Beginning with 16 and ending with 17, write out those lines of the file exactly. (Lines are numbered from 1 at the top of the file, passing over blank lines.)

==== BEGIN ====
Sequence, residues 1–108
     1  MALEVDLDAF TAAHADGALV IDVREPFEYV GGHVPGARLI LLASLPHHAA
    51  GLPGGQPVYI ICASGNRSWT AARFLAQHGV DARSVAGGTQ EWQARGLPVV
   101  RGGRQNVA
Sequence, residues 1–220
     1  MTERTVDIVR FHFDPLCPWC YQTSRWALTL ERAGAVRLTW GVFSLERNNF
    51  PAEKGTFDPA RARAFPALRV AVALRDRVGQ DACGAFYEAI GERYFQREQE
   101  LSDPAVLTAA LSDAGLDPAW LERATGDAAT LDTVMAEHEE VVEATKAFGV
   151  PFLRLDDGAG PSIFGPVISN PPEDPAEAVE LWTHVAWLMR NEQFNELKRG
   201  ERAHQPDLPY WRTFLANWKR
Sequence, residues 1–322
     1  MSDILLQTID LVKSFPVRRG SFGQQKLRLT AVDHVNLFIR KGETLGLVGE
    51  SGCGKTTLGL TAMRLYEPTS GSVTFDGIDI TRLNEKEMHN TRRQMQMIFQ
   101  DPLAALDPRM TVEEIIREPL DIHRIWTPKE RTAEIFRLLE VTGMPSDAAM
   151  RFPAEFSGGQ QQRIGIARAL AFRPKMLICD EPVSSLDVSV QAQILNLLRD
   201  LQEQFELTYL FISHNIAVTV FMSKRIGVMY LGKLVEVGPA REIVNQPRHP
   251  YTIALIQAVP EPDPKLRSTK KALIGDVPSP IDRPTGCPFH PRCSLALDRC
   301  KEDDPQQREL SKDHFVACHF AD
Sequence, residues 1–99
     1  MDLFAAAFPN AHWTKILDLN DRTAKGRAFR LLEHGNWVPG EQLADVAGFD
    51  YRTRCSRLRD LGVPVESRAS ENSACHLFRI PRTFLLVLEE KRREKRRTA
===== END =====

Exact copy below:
   201  LQEQFELTYL FISHNIAVTV FMSKRIGVMY LGKLVEVGPA REIVNQPRHP
   251  YTIALIQAVP EPDPKLRSTK KALIGDVPSP IDRPTGCPFH PRCSLALDRC